When I first heard about the Fiddle Sax Fusion Band, I was instantly very intrigued. For those who aren’t aware, the band is made up of, you guessed it, fiddle and saxophone. The group was created by husband and wife duo Brian Stark (saxophone) and Jessie Stark (fiddle) in the midst of the COVID-19 pandemic. With venues and concert halls no longer hosting shows, the two formed Fiddle-Sax Fusion Band (hereafter referred to as FSF) and hosted shows outdoors for their neighborhood. Soon they were joined by their neighbor, percussionist Stephen Busath, and the group eventually began playing shows around town.
Photo by 1221 Photography.
The idea of fiddle and saxophone together baffled me to some degree. I couldn’t really imagine the two fitting together. I played in jazz band in high school, as well as orchestra, but never did the two mingle together. So when Brian Stark reached out and offered to let me take a listen to FSF’s new album Grumbling, Growling, and Other Pandemic Breakdowns, I jumped on the opportunity to hear what this project was all about.
The album opens with “Faded Love,” a danceable traditional tune by Bob Wills. Jessie Stark’s fiddle playing is beautiful, with some wonderful double stops, as well as freely sliding into notes with ease. Saxophone and percussion quickly join in, and the trio takes off and creates such a unique and exciting sound. Brian Stark brings his jazz background to this track it feels like, throwing in some half steps and blues licks, while Busath lays down a light rhythm in the background.
To me, one of the indicators of great musicians is that they know how to play with dynamics. The volume of these tunes wax and wane beautifully. I love “Cooley’s Reel” which grows pretty drastically in sound while a galloping rhythm drives the track, allowing the Starks to play around and bring the track to a high point.
Photo by 1221 Photography.
The album also does a great job of giving you a dynamic track placement, knowing when to give the listener a quieter moment after a more exciting track. Like the track “Africa,” a more laid back track, sandwiched in between “Whiskey Before Breakfast” — one of my favorites — and “Cooley’s Reel.” Another track, “When I Survey,” has a very subtle, soft opening before Brian Stark takes the second half and plays a beautiful solo. What I love about this track is how the excitement grows and there’s a release in the second half, but it never feels too chaotic - there’s still this contained energy, but yet feels so expressive at the same time. I don’t know if that makes any sense, but take a listen and you’ll see what I mean.
There’s also the album closer “Rock of Ages,” which has very subtle percussion, allowing fiddle and sax to shine and slowly push the track into an emotional climax. This track is a great example of the trio’s abilities, and how you don’t need to overdo it with instrumentation and fancy embellishment to make a track interesting. It’s incredibly impressive what the group is able to pull off with just a fiddle, saxophone, and percussion. Each tune has its own unique personality and style, and the trio manages to keep us entertained with their instrumental proficiency.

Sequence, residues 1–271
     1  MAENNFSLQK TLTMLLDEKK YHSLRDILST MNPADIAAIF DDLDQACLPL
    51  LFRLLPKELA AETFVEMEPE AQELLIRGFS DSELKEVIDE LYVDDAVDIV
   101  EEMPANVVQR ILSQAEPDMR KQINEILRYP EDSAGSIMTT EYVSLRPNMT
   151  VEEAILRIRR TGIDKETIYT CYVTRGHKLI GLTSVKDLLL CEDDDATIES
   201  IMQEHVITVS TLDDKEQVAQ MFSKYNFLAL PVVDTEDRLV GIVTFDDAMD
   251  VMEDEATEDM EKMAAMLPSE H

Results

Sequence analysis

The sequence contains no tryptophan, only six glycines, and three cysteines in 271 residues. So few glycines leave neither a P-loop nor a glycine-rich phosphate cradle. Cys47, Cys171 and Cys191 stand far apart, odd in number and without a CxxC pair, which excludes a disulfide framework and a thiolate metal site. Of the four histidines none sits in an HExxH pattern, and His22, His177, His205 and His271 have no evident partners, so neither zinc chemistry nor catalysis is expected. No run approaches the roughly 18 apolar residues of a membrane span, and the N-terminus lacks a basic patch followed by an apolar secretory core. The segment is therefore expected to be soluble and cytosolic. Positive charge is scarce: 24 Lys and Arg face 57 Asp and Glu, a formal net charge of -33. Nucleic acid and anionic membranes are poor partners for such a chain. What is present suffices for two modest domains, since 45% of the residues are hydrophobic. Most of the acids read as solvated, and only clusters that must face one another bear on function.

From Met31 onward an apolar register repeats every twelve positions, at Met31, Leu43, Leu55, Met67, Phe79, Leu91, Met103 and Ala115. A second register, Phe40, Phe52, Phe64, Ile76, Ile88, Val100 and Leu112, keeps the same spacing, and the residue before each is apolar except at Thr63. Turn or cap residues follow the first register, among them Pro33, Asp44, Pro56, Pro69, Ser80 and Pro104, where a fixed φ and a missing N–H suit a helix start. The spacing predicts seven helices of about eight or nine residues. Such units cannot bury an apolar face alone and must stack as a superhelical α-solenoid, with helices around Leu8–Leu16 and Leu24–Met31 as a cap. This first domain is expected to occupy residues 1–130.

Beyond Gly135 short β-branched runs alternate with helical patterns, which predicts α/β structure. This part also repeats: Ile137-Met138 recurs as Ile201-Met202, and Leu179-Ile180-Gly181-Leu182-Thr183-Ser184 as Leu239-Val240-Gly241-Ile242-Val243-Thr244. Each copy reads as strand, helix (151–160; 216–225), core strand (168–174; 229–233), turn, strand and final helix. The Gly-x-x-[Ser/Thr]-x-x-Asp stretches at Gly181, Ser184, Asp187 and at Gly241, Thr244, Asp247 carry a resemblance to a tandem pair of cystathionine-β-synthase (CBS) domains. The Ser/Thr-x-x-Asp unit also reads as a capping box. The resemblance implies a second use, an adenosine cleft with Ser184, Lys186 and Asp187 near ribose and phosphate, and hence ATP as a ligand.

Album cover by Fiddle Sax Fusion Band.
One of the most exciting aspects of the record is the interplay between the fiddle and sax and their ability to play off of each other, in a sort of call and response way. Jessie Stark’s fiddle playing is stunning, pulling off different styles of fiddle tunes from Irish jigs to sea shanties, to Canadian fiddle tunes with ease. Brian Stark’s saxophone perfectly compliments the fiddle, often laying down a base for the fiddle to explore, before swapping, allowing saxophone to have its moment to wail. Stephen Busath provides some great percussion work as well, driving a lot of these songs while adding bits of color and light when needed.
I’m not usually one to seek out fiddle tunes to listen to in my free time, but this record pleasantly took me by surprise. It’s a great blend of fiddle tunes from all over, perfectly executed by this trio of talented musicians who play with ease and expression. As exciting as listening to the record is, I have no doubt that the live shows are even more exciting, as a lot of these tunes are meant to have accompanying dance. Grumbling, Growling, and Other Pandemic Breakdowns is a perfect showcase of Fiddle Sax Fusion’s musical ability and the beauty of the record is that listening to this will leave you like you just ate a good meal — satisfied but wanting more. Never would I have considered that these two instruments would mesh so well, but damn, they do.
Currently, the record is only available physically at the band’s shows, but I’m sure if you reached out to the band, they would sell you a copy. You can find Fiddle Sax Fusion Band on Facebook or on Instagram.